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Delight in Friendship: The Proprieties of Affection in Early British Children’s Literature

Children Playing 500x250

Jean-Baptiste Joseph Pater (French, Valenciennes 1695–1736 Paris), The Golden Age. Metropolitan Museum of Art, The Jack and Belle Linsky Collection, 1982.

Date: Wednesday 12 February 2014
Time: 6.00 - 7.00pm
Venue: 
Webb Lecture Theatre, Geology and Geography Building, The University of Western Australia.
Enquiries:
Pam Bond
Presenter: Professor Matthew Grenby, Newcastle University, UK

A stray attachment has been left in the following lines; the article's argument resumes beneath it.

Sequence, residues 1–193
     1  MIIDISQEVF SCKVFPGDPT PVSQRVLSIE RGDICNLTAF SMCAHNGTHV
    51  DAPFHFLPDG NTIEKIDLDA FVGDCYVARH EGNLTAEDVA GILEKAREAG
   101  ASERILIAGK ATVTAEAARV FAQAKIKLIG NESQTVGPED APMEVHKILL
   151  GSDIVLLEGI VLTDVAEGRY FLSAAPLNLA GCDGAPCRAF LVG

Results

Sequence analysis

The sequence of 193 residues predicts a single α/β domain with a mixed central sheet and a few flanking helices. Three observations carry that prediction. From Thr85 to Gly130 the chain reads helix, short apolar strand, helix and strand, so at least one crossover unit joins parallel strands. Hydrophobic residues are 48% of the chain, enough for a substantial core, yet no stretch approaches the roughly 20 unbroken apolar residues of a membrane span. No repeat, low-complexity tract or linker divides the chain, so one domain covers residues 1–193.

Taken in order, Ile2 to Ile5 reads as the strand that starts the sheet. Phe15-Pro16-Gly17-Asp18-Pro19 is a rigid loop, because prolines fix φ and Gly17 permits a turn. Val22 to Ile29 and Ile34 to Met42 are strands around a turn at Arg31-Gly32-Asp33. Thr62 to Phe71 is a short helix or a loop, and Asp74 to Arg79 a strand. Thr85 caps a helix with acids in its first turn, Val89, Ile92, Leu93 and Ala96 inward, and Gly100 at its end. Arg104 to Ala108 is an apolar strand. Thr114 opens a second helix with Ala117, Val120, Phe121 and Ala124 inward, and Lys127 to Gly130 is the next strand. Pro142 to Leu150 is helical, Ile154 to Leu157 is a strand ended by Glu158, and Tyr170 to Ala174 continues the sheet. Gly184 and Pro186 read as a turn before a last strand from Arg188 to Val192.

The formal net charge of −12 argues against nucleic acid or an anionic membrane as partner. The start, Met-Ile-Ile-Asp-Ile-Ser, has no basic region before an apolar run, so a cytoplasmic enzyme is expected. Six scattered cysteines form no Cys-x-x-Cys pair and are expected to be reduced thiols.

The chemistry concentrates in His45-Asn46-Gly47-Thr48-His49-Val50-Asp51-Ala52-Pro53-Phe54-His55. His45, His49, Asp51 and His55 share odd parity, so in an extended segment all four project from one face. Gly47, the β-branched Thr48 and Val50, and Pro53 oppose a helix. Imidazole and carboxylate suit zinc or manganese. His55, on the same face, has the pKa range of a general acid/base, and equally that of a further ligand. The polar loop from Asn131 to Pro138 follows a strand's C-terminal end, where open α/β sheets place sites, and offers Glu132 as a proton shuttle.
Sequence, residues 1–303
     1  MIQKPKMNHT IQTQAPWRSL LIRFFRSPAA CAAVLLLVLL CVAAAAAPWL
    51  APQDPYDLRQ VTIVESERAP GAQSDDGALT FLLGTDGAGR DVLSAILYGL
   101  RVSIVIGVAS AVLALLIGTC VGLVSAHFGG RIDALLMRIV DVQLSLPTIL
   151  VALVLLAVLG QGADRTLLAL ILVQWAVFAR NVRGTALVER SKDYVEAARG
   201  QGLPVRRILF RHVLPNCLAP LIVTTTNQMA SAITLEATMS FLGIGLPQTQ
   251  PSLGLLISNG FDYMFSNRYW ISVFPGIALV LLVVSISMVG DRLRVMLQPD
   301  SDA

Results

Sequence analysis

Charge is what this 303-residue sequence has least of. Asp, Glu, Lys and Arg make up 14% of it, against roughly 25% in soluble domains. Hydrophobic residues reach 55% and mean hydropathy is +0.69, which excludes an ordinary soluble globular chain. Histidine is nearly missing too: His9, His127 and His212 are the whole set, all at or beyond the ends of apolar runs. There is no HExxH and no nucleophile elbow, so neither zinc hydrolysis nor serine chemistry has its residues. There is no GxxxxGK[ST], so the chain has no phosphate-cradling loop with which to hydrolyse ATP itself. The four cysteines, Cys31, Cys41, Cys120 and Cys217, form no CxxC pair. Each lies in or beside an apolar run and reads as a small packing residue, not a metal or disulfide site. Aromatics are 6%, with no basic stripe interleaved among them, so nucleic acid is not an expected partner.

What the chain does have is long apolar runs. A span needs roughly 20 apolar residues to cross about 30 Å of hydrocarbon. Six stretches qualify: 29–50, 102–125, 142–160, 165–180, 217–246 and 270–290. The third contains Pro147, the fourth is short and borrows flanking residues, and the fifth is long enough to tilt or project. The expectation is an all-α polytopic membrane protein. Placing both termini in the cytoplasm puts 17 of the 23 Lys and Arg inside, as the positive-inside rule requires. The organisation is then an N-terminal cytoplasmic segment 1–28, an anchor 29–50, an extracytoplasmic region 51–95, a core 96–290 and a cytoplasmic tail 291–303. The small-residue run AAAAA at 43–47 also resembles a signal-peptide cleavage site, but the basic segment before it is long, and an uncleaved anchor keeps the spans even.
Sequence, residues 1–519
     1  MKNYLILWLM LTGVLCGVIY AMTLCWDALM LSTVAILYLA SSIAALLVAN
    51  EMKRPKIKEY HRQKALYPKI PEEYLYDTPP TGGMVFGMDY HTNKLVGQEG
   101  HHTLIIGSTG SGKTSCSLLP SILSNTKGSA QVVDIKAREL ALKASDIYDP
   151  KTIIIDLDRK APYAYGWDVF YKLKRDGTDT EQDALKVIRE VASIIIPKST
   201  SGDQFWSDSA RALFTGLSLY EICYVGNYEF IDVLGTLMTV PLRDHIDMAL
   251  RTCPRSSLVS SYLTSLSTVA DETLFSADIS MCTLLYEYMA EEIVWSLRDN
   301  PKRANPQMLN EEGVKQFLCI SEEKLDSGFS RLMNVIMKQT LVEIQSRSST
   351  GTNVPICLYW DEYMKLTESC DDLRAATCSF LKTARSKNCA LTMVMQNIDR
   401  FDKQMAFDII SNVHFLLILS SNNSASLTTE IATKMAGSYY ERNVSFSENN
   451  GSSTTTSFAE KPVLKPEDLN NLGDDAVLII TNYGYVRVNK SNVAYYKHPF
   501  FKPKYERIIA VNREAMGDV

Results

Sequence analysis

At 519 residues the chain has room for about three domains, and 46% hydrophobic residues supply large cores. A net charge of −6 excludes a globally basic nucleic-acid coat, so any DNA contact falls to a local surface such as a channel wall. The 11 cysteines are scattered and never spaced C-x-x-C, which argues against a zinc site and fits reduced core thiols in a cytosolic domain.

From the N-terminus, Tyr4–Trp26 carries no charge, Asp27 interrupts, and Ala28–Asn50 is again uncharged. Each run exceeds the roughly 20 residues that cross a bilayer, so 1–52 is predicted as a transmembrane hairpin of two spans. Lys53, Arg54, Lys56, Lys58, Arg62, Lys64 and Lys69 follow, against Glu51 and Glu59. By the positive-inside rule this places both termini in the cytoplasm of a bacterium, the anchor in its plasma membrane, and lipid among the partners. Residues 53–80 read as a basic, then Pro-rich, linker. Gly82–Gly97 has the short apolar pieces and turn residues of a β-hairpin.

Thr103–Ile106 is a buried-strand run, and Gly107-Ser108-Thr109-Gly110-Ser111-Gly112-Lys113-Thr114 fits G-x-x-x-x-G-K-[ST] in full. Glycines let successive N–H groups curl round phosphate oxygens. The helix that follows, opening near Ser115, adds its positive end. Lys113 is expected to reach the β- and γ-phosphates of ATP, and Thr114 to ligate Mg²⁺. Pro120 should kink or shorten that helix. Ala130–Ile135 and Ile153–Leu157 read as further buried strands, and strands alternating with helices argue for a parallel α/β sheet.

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Abstract:
Friendship, unsurprisingly, features prominently in children’s literature, perhaps most particularly in the school stories of the nineteenth and twentieth centuries. In the eighteenth century, however, the period when children’s literature was first becoming established as a separate sector of print culture, the question of friendship was more vexed. ‘Love and Affection … will naturally lead you to delight in Friendship’, writes one mid eighteenth-century author to her young readers. But, she goes on to warn, ‘Delight in Friendship may lead you into all manner of Errors’. This paper will consider the place and proprieties of friendship in early British children’s books and ask why, to many authors, friendship was a perilous exercise that brought more harm than good both to the individual and society.